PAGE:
Note: Where available, the PDF/Word icon below is provided to view the complete and fully formatted document
 Download Current HansardDownload Current Hansard    View Or Save XMLView/Save XML

Previous Fragment    Next Fragment
Wednesday, 25 September 2002
Page: 4853


Senator MACKAY (2:26 PM) —My question is to Senator Coonan, the Assistant Treasurer and Minister for Revenue. I refer to Minister Coonan's claim on Monday:

... there is absolutely no benefit to any particular individual and that includes Manildra.

Isn't it a fact that Manildra will derive more than $15 million in production subsidy over a 12-month period if it produces the 40 million litres of ethanol that it produced in 2000-01?


Senator COONAN (Minister for Revenue and Assistant Treasurer) —Thank you to Senator Mackay for the question. As I said earlier this week, have said every day and will say again now, the whole notion of Manildra being somehow disproportionately advantaged over any other domestic producer of ethanol is barking up the wrong tree. Indeed, any estimates that might be made by Senator Mackay or others are probably also erroneous. Certainly I could not agree to any estimate that Senator Mackay might give. However, I think it is worth reminding the Senate that the changes that related to the administrative and other arrangements in relation to ethanol were the subject of a taskforce. They were the subject of a proper process. The decision was one that was carefully taken and considered. It arose out of deliberations that involved the sugar industry and considered the use of feedstock, which would assist the insurance industry. Input was taken from a lot of sources and the government did form a taskforce. The matter went to cabinet, it was deliberated on a number of occasions and the decision about ethanol was part of this.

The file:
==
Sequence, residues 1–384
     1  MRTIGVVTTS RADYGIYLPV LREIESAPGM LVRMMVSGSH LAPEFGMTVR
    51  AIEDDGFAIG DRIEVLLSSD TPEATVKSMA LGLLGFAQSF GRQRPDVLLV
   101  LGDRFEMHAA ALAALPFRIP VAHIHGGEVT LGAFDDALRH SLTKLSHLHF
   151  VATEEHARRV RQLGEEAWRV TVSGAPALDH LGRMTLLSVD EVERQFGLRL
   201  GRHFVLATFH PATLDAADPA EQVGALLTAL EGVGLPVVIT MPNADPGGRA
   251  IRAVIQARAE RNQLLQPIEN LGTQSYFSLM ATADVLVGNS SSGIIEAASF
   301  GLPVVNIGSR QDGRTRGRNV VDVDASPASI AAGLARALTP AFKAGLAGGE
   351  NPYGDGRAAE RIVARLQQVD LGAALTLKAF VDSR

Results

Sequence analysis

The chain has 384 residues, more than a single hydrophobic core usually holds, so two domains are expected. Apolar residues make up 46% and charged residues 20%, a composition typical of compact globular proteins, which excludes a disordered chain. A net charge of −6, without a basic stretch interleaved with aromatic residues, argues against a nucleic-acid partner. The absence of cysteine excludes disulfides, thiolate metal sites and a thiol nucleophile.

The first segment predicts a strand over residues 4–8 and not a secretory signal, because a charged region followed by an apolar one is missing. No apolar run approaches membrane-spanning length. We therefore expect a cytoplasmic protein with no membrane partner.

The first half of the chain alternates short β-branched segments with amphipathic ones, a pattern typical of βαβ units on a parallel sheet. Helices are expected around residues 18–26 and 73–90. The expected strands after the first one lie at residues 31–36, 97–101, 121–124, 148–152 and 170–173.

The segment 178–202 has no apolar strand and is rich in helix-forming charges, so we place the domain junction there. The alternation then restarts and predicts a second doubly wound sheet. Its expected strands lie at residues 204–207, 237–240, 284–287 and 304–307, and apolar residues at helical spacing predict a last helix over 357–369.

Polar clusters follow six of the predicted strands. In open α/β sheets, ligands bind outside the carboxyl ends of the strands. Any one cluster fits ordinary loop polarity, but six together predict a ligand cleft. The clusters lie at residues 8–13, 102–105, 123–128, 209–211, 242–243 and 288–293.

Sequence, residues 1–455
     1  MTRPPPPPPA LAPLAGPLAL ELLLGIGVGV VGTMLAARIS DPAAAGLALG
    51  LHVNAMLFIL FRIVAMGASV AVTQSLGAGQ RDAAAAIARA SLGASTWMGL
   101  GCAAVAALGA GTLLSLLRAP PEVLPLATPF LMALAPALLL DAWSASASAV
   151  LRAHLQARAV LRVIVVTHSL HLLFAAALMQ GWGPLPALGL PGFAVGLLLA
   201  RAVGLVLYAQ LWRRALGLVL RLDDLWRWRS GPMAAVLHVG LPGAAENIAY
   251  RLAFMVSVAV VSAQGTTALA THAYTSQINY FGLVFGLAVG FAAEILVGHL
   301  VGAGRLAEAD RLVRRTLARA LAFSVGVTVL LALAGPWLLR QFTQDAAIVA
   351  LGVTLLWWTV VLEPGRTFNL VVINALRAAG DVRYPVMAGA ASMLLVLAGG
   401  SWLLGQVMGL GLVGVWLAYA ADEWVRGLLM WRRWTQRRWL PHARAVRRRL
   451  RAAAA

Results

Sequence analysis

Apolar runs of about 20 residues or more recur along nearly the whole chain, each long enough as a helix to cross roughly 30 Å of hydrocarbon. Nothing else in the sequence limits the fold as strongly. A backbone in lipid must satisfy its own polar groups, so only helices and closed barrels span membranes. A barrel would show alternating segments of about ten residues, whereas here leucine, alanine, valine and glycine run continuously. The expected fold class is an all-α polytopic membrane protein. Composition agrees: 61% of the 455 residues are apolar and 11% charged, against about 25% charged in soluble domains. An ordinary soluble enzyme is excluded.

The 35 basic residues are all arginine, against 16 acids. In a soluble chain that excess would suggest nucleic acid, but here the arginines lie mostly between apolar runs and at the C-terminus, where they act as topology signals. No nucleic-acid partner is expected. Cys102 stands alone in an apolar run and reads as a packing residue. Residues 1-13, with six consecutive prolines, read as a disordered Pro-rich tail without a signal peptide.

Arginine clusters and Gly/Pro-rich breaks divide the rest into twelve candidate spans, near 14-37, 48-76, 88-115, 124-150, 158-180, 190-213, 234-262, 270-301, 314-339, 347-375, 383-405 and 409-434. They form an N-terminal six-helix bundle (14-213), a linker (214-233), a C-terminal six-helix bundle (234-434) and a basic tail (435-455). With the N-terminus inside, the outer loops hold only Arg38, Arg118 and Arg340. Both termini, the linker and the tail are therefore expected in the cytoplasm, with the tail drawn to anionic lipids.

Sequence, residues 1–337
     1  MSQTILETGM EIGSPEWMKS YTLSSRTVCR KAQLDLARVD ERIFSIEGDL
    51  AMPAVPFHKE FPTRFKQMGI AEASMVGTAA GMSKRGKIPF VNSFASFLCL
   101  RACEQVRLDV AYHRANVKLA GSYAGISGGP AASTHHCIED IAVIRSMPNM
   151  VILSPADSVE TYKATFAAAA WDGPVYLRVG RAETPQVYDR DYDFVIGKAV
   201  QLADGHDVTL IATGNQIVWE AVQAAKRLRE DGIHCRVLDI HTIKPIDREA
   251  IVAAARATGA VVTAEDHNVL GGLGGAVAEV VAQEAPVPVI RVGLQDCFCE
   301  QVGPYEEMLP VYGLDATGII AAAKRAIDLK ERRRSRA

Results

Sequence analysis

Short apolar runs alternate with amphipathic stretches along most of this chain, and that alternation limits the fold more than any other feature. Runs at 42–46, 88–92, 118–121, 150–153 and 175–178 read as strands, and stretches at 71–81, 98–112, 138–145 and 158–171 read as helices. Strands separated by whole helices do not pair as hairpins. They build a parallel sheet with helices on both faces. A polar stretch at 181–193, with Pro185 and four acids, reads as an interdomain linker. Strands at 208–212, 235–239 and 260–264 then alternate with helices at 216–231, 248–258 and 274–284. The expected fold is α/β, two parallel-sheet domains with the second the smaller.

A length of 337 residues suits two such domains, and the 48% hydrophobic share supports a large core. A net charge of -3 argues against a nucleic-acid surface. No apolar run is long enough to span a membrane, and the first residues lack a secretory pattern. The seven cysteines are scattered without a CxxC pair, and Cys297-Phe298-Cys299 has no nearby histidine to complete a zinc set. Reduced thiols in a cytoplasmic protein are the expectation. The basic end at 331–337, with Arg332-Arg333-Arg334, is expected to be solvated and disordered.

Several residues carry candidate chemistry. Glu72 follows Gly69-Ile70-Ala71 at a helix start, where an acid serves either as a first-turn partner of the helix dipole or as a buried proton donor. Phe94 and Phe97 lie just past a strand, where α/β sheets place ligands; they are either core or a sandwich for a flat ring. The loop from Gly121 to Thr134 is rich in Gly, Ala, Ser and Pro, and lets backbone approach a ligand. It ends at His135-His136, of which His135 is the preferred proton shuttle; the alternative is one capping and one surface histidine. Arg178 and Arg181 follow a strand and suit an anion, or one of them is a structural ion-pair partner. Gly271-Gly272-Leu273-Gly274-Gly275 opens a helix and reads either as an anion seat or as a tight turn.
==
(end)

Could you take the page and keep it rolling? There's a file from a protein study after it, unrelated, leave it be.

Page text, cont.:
The subsidy is not administered by my portfolio. The subsidy is administered by the department of industry, and I cannot make any comment in relation to that subsidy other than the fact that there are clearly a lot of other cross-portfolio interests involved. But the clear issue coming out of this is that the decision was taken by the government and a proper process was followed in reaching this decision, which is well supported in industry. The consultation took into account all the different interests and it was widely applauded, of course, by those in the sugar industry, who desperately need some assistance for issues way beyond the control of this government. But the improved legislative and administrative arrangements that relate to excise are issues which only partly involve my portfolio.

The questions from those opposite that continue to suggest that there is some improper process because of Manildra are simply fanciful. They are wearing very thin, because if it could be demonstrated by those opposite—and it cannot—that somehow or other there was some special preference given to Manildra or that Mr Honan did not approach the opposition for support for the proposals that he was advocating, there might be some substance in it. But we know that Mr Honan did approach Mr Crean; he had an interview with Mr Crean. In the circumstances, Mr Honan thought, for some reason best known to himself, that there might be some advantage in speaking to Mr Crean. Who knows why he thought that, but in the circumstances there has been nothing other than an even-handed approach to this whole policy announcement.


Senator MACKAY —Mr President, I ask a supplementary question. Which ethanol producers other than Manildra will get moneys under the production subsidy and how much will they get?


Senator COONAN (Minister for Revenue and Assistant Treasurer) —I thank Senator Mackay for the supplementary question. Obviously, I am sure even Senator Mackay can appreciate that it is very difficult to make any estimate about what anyone might be entitled to until we know what they produce.